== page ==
Cognitive Behaviour Therapy can help reduce the intensity and frequency of panic attacks. It can help you understand that panic attacks and panic disorder are not dangerous. Treatment will demonstrate how to cope with panic attacks. Once the sensations of panic no longer feel threatening the panic attacks often resolve. Treatment can help you overcome your fears of situations you may be avoiding. Medications may help control symptoms associated with panic.
Commonly Asked Questions about Anxiety
What causes Anxiety?
Anxiety disorders are among the most debilitating psychological conditions experienced today by millions of people worldwide. There are no clear boundaries between normal and abnormal anxiety. A clinical anxiety disorder tends to be more exaggerated, unrealistic, intense, persistent and interfering with daily living than nonclinical anxiety states. The thought of imminent danger and fear is at the heart of all anxiety. Anxiety declines naturally if left alone. However, the way you think determines whether anxiety continues or declines. People with anxiety disorders tend to catastrophize or overestimate the likelihood and the intensity of threat and danger. Therefore catching and correcting your catastrophic thinking is an important strategy for reducing fear and anxiety.
How can Cognitive Behavior Therapy help with anxiety?
Cognitive Behevaior Therapy is an organized psychological treatment that teaches people how to change the thoughts and beliefs that play an important role in anxiety. The way we think influences the way we feel. Therefore changing how we think can change how we feel. The therapy focuses on everyday experiences to teach how to change your emotional thinking and beliefs by evaluating them and implementing action plans to reduce anxiety. Changing one’s thinking about anxiety is important. It is equally important to change your behaviour and act differently in response to anxiety. Behaviour change is an important part of cognitive therapy. One can consider cognitive therapy like a mental fitness training program for fear and anxiety.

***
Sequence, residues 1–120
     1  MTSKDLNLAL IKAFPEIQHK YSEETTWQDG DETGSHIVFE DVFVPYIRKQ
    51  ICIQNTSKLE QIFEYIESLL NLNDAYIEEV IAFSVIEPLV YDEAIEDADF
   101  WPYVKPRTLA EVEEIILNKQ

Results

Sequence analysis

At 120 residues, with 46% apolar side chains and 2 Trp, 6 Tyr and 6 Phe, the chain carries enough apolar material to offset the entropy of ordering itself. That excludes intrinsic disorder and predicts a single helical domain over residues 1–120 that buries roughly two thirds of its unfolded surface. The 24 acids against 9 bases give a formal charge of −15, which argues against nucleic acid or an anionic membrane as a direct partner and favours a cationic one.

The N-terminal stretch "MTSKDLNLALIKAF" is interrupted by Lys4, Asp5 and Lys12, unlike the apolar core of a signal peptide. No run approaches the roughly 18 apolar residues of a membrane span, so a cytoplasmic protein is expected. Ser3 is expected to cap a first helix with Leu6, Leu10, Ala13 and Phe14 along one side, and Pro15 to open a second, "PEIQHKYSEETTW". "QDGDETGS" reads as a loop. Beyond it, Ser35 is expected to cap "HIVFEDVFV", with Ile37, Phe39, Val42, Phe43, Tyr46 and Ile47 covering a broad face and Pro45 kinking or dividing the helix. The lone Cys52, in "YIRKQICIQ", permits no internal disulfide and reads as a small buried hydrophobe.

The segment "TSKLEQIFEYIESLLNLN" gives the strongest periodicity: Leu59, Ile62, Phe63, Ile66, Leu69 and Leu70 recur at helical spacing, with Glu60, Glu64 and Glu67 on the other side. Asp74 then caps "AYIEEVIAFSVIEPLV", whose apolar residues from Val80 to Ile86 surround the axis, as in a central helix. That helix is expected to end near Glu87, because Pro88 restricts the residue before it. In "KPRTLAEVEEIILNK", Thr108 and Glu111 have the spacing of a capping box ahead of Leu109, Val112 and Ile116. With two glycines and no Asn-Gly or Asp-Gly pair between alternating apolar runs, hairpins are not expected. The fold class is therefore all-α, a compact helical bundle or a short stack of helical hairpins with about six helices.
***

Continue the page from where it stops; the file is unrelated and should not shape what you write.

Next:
How effective is CBT for anxiety disorders?
Cognitive Behaviour Therapy has been shown in dozens of scientific clinical outcome studies to be an effective treatment for many forms of anxiety disorders. Sixty to eighty percent of people with anxiety who complete a course of cognitive therapy (10 to 20 sessions) will experience a significant reduction in their anxiety. This is equivalent to or better than the effectiveness of medication alone. In many studies, cognitive behaviour therapy showed longer lasting improvement than medication alone. It is substantially more effective for anxiety than doing nothing at all or getting basic supportive counselling.
What about medication for anxiety?
Many people with an anxiety disorder start taking medication before they begin psychotherapy. Even if your medication has been effective in reducing your anxiety you may want some cognitive therapy to help with the return of anxiety once you stop taking medication. Cognitive therapy is designed to help you tolerate anxiety rather than avoid it and many medications eliminate anxiety or are used to avoid anxious feelings. eliminate anxiety or are used to avoid anxious feelings.Back
Memberships & Accreditations
Certified Cognitive Behaviour Therapist by the Canadian Association of Cognitive and Behavioural Therapies
Certificate of completion of the Behaviour Therapy Training Institute for OCD 2017 offered by the International OCD Foundation Training Institute